Dan Barry: Should South Carolina Jews be forced to maintain this chimney built by Germans serving the Nazis?

Mayra Bitsko: Save me! An alien took over my child's personality

Frank Clayton: Get happy: 20 scientifically proven happiness activities

Susan Scutti: It's Genetic! Obesity and the 'Carb Breakdown' Gene

Lecia Bushak: Why Hand Sanitizer May Actually Harm Your Health

Stacy Rapacon: Great Funds You Can Own for $500 or Less

Cameron Huddleston: 7 Ways to Save on Home Decor

The Kosher Gourmet by Steve Petusevsky Exploring ingredients as edible-stuffed containers (TWO RECIPES + TIPS & TECHINQUES)

Jewish World Review Nov. 17, 2009/ 30 Mar-Cheshvan 5770

Shouldn't the Government Unleash Innovation? The Lesson of the Organ

By Tom Purcell

http://www.JewishWorldReview.com | We got it in the early '70s: a Kimball organ that sat in our living room for 20 years or more.

It had single buttons that played whole chords. Other buttons played cymbals, marimba and other rhythmic beats. I spent hours playing the thing. My father, too — his fingers are so big he had trouble playing just one key at a time — played it often. And at family gatherings, my mother and her siblings would stand around it for hours, singing holiday tunes and other well-known standards.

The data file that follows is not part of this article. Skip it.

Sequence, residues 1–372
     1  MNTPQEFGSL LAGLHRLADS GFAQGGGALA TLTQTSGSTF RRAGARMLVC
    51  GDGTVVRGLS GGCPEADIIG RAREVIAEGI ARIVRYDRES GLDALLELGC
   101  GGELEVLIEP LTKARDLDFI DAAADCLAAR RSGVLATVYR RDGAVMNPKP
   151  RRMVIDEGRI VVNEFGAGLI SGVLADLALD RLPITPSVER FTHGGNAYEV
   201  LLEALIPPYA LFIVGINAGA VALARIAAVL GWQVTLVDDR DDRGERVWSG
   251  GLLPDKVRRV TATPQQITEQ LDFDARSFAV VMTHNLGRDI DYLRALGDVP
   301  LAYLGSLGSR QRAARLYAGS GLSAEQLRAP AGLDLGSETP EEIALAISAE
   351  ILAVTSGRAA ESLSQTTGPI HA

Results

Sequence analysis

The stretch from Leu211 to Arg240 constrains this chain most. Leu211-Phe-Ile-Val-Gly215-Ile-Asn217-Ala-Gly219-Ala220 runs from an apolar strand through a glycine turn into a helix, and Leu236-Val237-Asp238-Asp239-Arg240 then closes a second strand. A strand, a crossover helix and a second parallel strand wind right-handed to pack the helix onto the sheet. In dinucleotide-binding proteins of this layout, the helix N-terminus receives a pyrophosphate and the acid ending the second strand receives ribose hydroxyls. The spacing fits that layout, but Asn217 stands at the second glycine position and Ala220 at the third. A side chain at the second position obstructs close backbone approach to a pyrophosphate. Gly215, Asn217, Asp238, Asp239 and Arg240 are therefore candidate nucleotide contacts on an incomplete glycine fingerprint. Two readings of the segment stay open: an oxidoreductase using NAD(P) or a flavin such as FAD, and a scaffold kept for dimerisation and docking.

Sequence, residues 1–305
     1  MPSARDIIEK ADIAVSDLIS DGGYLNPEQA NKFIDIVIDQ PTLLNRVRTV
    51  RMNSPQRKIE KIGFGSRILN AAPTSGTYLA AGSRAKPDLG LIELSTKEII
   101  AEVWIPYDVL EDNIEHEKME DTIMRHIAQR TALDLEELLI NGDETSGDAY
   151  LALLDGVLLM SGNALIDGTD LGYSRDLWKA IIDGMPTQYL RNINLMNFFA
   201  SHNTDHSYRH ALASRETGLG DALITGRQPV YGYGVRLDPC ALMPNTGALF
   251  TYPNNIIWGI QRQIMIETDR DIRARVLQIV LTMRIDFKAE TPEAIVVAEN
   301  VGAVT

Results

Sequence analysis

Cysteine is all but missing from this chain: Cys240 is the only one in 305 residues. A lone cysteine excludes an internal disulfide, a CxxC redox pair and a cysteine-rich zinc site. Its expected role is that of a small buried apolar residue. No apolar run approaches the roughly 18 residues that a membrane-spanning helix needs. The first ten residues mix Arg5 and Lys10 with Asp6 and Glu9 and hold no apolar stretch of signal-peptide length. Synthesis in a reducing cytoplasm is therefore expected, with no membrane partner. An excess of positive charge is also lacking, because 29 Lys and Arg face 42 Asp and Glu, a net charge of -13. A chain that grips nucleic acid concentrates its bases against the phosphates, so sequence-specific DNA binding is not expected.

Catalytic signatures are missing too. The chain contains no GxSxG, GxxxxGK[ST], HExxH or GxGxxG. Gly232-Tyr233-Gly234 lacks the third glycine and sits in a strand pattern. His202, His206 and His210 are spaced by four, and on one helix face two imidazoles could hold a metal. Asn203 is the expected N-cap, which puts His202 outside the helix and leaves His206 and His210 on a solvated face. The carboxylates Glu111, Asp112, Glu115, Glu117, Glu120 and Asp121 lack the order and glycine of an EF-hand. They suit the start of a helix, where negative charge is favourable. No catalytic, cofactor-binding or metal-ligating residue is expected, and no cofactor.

I had no idea then how technological innovation made our living-room organ possible.

Harvey Olsen, a retired electrical engineer, electronics instructor and organ expert, told me about the history of the home organ.

In 1933, Lawrence Hammond, an inventor and high-end clock maker, got into the organ business. His goal was to produce a mechanical instrument that replicated the sound of a pipe organ. Hammond's very first organs consisted of spinning wheels — tone generators — and lots of other electromechanical parts. The machines were extremely well built and many are still functioning today.

By the mid-1950s, however, organ makers began replicating the organ sound with lower-cost vacuum-tube technology — tubes that looked and acted like light bulbs. It was much less costly to create tones electronically than with lots of mechanical parts.